Monday, June 9, 2008

Julie's Review: The Winter Rose


In late Victorian London, idealistic new medical school graduate India Selwyn Jones goes to work at a clinic in the city's poorest neighborhood, much to the dismay of her aristocratic mother and ambitious fiancé, political up-and-comer Freddie Lytton. The squalor is a bit much for India, but she manages to keep her emotions under control until she meets underworld crime boss Sid Malone. Sid begins as India's nemesis, becomes her patient and ends up something much more than that. What India doesn't know is that Sid is the brother of tea heiress Fiona Bristow, wife of self-made, highly principled businessman Joseph Bristow. What Sid doesn't know is that India's fiancé is as ruthless as Sid's most ruthless henchman, willing to commit theft, betrayal and even murder to launch his career, force India out of hers and bring down Sid in the process. In typical epic style, Donnelly (The Tea Rose) alternates India's story with Sid's, Freddie's, Joseph's and Fiona's, leading the reader through turn-of-the-century England from the Houses of Parliament to ale houses and whore houses, and from London to Africa and beyond. It's all familiar stuff, but Donnelly's passion and energy will keep readers turning the many pages, rooting for India and the gruff underworld boss she loves.'s Weekly

Review: I knew it had to be a great book when Lisa rated it so highly and boy was she right!! I LOVED this book. At first I thought a 700+ page book might take me a while with everything else going on in my life but not this story. I think to be considered an epic it a story needs to span decades not just years but with the settings of this novel in London and Africa, I kind of thought of it as an epic. There really wasn't a character I didn't love or love to hate, they were all very well rounded and so well written. I loved how the main female lead, started out very focused and closed off and ended up opening herself up only to end up in the place she didn't want to. The whole cast of characters fulfilled their roles perfectly. I would like to know more about Fiona and Joe so I might be reading The Tea Rose: A Novel sooner than later.

The way Ms. Donnelly wrote the novel suggests to me that a lot of research went into the story. The way she wrote about the politics of the early 1900s in London and then the vividness she brought to the story when writing about Africa made you feel like you were there. I felt like I was transported back to a time when things were so god awful it makes you thankful for the fight that these people went through to make things better for us now. Can you imagine a place where we still work 16 hours a day for little or nothing? Now don't get me wrong I know there are still place like that but we've come a long way from the East End of London.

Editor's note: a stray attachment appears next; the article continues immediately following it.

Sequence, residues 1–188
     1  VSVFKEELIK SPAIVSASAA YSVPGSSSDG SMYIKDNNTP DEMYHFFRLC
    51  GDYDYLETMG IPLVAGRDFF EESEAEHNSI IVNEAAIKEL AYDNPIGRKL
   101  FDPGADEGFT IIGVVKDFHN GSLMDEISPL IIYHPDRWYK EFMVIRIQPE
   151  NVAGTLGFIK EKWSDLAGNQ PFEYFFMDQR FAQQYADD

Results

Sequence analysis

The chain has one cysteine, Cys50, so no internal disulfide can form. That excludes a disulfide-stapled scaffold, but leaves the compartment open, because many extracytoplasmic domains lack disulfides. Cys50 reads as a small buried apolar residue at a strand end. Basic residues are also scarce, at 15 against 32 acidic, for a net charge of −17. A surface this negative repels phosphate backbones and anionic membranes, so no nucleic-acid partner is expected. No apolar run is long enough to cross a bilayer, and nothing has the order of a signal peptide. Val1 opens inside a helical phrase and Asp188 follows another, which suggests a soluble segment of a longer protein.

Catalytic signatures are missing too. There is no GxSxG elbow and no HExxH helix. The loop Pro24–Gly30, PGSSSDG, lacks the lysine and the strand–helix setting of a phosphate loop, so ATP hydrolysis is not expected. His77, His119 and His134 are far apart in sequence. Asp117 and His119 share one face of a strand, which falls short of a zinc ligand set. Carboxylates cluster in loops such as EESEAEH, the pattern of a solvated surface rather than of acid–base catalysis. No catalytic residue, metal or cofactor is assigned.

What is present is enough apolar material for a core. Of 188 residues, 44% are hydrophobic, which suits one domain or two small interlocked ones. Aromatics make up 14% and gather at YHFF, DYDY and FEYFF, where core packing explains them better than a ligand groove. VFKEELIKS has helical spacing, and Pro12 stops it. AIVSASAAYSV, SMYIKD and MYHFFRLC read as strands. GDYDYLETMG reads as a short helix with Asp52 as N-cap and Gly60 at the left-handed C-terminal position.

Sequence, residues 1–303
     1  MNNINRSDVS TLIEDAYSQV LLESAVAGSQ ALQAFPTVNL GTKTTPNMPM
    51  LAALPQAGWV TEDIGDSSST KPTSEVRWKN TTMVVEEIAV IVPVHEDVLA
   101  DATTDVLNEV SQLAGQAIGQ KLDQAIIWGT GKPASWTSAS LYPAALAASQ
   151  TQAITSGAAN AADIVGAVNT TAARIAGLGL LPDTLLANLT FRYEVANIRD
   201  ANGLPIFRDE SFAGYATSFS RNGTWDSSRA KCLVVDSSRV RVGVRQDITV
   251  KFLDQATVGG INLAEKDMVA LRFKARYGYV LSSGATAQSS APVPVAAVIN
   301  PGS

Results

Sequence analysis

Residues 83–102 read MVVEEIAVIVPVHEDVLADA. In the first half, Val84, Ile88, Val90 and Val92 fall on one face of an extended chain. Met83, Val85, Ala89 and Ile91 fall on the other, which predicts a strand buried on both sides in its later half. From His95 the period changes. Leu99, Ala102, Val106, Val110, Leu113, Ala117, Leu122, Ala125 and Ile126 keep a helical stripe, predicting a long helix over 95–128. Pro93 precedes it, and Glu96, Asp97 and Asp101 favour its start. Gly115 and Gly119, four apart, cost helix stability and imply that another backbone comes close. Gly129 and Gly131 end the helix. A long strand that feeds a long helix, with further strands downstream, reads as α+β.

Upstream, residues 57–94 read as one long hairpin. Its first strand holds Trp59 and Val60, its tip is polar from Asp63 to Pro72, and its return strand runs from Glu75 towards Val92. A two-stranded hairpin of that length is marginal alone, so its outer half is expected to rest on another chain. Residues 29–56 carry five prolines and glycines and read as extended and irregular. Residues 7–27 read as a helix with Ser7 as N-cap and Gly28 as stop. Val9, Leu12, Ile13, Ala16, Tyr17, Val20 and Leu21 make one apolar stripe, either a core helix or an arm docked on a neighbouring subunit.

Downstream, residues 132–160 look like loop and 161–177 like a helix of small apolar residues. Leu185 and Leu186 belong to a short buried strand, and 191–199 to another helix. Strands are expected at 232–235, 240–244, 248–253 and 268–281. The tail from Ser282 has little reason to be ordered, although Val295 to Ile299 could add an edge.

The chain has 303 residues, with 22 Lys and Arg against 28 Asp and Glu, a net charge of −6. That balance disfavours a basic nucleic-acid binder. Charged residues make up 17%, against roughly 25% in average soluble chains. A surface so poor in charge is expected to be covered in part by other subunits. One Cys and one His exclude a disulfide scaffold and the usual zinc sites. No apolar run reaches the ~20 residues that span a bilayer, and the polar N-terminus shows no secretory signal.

I don't want to give much away but towards the end of the book a character has a revelation and it seems a bit unlikely that this character would draw that conclusion. It seems like a good way of wrapping up a storyline but a bit unrealistic to me.

If you are looking for a great character driven novel, you will find it in The Winter Rose.

Final Take: 4.75/5


- Lisa's Review: The Winter Rose


Wendy June 9, 2008 at 9:00 PM  

Oh, I really enjoyed this one too! If you're interested, I reviewed it here. I also didn't read the first of the series :) And I blew through this 700 page book in no time!

tinylittlelibrarian June 10, 2008 at 9:32 PM  

Cool! The Tea Rose is on my Triple 8 list for historical fiction, so I'll be reading it this year and now I know there's an excellent sequel. Thanks for the review.

Marg June 18, 2008 at 7:18 AM  

I liked the first book, but loved this one. Can't wait for the third book in the trilogy.

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